HORNE, DONALD

HORNE, DONALD – Southern Exposure

A man who went to the ‘footie’ match on Saturday afternoon and played eighteen holes of golf was really doing his duty by the nation.

HORNE, DONALD - Southern Exposure

HORNE, DONALD – The Lucky Country

Fair-goes are not only for oneself, but for underdogs. Even in international sporting matches Australians have been known to switch from their own side to that of a gallant challenger. Australians love a ‘battler’, an underdog who is fighting the top dog, although their veneration for him is likely to pass if he comes out from under.

HORNE, DONALD - The Lucky Country

HORNE, DONALD – Southern Exposure

Only in sport… The qualification would seem meaningless to many Australians. What also is there that matters as much as sport. It is only in sport that many Australians express those approaches to life that are un-Australian if expressed in any other connection.

HORNE, DONALD - Southern Exposure

HORNE, DONALD – Southern Exposure

With sport went beer drinking and gambling – until recently restricted by the wowsers, but part of that code of mateship of men, that necessity constantly to demonstrate masculine sameness, which provided one of the most flattening sources of uniformity.

HORNE, DONALD - Southern Exposure

HORNE, DONALD – Southern Exposure

The desire to enjoy the games of the rich became one of the most effectively expressed moods of Australian egalitarianism.

HORNE, DONALD - Southern Exposure

HORNE, DONALD – Southern Exposure

All the same… ‘She’ll be right.’ Their combination of high hope and deep doubt can make Australians devastatingly cool-headed and wry-witted. Although most of them have not even seen their deserts, the stoicism of the desert seems to have entered their souls. When they see the face of disaster – especially when they go to the wars in Vietnam as at Anzac – they joke with it and shake its hand.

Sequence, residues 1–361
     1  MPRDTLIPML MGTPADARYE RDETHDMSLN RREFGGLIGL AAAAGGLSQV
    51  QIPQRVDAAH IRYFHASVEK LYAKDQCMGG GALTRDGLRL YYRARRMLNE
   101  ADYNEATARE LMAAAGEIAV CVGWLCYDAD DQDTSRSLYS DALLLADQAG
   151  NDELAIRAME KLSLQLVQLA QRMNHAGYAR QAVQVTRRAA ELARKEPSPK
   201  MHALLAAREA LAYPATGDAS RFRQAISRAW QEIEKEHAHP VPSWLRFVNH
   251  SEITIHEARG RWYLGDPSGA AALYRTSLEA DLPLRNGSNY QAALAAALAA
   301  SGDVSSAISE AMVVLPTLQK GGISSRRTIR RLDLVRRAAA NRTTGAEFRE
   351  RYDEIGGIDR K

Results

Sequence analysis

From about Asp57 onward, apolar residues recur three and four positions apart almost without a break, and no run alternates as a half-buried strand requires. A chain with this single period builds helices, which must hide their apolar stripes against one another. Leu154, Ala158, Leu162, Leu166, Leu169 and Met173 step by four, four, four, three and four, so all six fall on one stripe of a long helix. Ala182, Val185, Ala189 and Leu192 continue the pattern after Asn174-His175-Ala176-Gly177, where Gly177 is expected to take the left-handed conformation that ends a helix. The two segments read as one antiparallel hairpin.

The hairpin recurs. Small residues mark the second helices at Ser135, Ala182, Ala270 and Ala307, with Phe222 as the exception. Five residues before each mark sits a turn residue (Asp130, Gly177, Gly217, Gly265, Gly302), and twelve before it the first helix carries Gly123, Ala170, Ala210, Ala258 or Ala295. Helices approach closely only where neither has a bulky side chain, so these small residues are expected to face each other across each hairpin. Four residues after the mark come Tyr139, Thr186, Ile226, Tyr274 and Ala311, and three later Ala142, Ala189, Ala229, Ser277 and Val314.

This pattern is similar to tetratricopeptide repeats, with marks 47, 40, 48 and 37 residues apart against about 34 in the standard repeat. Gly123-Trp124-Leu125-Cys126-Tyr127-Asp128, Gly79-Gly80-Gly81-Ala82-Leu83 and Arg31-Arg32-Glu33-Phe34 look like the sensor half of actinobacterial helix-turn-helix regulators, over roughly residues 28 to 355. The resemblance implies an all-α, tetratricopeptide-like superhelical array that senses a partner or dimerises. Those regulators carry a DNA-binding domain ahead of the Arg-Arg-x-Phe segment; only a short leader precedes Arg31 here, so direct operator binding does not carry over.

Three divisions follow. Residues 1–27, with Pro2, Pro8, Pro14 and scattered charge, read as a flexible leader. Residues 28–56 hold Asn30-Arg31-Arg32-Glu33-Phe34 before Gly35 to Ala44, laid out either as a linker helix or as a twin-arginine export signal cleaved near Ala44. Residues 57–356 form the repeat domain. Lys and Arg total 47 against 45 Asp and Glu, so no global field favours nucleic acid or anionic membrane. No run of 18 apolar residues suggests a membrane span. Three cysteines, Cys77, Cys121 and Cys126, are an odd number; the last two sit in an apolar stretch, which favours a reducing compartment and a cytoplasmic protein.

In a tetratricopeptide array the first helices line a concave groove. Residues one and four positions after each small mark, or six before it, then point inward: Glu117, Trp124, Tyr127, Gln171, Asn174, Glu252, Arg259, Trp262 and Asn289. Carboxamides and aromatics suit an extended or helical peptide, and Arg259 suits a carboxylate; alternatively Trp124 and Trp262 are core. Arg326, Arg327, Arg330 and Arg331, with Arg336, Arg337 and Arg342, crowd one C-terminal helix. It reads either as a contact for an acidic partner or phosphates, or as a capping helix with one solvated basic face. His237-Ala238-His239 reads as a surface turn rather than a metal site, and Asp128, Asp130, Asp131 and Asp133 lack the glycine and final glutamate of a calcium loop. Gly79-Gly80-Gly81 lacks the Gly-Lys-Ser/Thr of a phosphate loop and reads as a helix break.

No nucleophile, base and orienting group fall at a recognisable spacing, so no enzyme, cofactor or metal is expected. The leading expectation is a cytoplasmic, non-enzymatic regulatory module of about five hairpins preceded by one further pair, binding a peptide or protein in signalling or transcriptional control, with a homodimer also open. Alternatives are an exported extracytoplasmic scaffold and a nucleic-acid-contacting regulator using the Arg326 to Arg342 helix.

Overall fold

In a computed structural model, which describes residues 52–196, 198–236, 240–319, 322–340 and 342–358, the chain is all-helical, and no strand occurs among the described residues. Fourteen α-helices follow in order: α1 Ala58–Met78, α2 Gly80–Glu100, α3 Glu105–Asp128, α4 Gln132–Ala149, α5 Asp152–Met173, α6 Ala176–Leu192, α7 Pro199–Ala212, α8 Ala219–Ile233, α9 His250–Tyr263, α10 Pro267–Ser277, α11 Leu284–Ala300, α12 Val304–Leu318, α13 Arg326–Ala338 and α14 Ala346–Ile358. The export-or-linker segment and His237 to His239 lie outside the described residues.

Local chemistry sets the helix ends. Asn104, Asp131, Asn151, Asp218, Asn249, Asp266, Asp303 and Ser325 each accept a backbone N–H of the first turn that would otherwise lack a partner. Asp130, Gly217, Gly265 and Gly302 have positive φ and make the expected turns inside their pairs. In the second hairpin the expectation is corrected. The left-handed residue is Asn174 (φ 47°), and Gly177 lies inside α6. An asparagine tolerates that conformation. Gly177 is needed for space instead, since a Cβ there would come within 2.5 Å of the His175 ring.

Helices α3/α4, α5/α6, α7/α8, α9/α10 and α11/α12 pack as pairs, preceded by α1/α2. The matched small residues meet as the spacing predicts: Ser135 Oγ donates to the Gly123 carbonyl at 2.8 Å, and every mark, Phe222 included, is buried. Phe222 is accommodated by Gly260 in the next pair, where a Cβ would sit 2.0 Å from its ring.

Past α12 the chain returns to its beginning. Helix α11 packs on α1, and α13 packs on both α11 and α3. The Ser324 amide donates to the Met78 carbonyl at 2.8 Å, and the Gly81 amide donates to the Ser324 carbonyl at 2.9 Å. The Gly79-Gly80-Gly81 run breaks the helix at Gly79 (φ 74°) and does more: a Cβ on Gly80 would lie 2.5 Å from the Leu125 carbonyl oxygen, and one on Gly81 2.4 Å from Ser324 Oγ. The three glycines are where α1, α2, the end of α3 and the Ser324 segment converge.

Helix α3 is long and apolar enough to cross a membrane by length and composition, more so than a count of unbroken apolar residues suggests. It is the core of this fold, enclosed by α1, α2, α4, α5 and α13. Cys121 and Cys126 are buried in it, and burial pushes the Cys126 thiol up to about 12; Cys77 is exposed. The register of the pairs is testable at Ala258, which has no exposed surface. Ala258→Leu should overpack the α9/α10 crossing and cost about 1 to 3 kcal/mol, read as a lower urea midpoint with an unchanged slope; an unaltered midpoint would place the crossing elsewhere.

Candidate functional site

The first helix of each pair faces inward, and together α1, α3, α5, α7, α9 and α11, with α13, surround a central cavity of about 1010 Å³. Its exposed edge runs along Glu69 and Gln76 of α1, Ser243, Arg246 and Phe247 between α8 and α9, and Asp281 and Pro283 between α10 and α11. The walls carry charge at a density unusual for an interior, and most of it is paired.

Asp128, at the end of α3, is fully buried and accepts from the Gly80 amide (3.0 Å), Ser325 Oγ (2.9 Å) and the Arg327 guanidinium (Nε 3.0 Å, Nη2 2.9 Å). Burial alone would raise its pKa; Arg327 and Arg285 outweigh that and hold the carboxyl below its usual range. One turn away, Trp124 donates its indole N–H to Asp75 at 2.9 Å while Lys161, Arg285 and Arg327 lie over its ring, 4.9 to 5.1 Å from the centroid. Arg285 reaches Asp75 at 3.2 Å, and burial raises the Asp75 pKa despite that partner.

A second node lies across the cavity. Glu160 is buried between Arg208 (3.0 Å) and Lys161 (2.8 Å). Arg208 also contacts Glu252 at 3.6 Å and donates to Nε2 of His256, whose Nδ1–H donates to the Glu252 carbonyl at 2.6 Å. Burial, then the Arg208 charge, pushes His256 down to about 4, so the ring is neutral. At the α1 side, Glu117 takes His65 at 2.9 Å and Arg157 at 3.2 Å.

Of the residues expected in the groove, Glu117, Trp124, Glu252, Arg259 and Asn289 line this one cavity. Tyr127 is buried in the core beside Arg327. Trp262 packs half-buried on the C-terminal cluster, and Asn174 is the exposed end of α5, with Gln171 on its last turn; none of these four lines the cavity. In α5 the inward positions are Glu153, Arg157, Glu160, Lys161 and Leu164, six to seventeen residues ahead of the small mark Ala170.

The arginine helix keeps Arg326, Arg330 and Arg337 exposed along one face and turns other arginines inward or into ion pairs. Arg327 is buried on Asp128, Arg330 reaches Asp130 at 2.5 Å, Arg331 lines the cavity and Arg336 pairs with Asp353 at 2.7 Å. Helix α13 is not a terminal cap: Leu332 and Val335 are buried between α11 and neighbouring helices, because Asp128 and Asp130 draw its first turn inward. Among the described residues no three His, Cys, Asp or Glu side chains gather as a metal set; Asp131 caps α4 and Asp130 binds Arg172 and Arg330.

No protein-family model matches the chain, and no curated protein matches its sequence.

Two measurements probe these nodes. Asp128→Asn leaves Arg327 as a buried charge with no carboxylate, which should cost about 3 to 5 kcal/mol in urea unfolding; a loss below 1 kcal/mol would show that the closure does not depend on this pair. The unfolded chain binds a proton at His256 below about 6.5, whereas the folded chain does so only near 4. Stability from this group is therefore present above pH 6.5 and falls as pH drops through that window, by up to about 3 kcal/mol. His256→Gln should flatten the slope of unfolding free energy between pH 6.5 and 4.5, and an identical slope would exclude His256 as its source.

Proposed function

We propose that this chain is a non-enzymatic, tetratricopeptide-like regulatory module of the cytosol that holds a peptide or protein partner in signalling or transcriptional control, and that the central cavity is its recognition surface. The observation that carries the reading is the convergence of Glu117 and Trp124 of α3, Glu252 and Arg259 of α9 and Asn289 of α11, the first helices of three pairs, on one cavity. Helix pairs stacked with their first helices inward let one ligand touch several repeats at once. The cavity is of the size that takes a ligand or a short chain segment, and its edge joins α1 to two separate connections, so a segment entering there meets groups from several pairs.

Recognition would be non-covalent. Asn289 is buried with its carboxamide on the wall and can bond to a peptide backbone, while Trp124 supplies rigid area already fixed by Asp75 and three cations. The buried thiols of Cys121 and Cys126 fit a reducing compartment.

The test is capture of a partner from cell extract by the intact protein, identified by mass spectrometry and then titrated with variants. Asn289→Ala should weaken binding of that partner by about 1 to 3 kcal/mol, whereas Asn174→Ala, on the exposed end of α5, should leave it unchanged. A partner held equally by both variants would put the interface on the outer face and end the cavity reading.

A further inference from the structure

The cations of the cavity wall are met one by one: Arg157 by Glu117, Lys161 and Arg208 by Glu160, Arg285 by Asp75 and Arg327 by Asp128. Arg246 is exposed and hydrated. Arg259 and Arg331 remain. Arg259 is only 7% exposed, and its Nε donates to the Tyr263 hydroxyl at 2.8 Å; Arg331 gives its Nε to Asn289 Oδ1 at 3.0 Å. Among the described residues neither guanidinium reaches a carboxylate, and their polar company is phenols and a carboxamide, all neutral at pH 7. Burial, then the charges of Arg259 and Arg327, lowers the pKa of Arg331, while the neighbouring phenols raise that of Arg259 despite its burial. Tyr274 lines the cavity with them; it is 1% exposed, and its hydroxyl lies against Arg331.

HORNE, DONALD - Southern Exposure

HORNE, DONALD – Southern Exposure

The very success of ‘mateship’ in Australia eroded individualism. In a sense mateship was a protection against individualism…it is probably one of the most characteristic folk beliefs of Australia. There is concern for the ordinariness in Australians. Consider Anzac Day again – men in their ordinary clothes, marching through the streets out of step, unpretentious; and then getting drunk in the most ordinary manner imaginable. It is a celebration of the essential ordinariness and the common human-ness of man.

HORNE, DONALD - Southern Exposure

HORNE, DONALD – The Legend of King O’Malley

Politicians cannot help being clowns. Political activity is essentially absurd. The hopes held for it can be high, the results tragic, but the political act itself must lack dignity: it can never match our ideals of how such things should be done. This is a view that offends almost all political scientists, who are often bored by politics anyway and want to get on with something more respectable.

HORNE, DONALD - The Legend of King O'Malley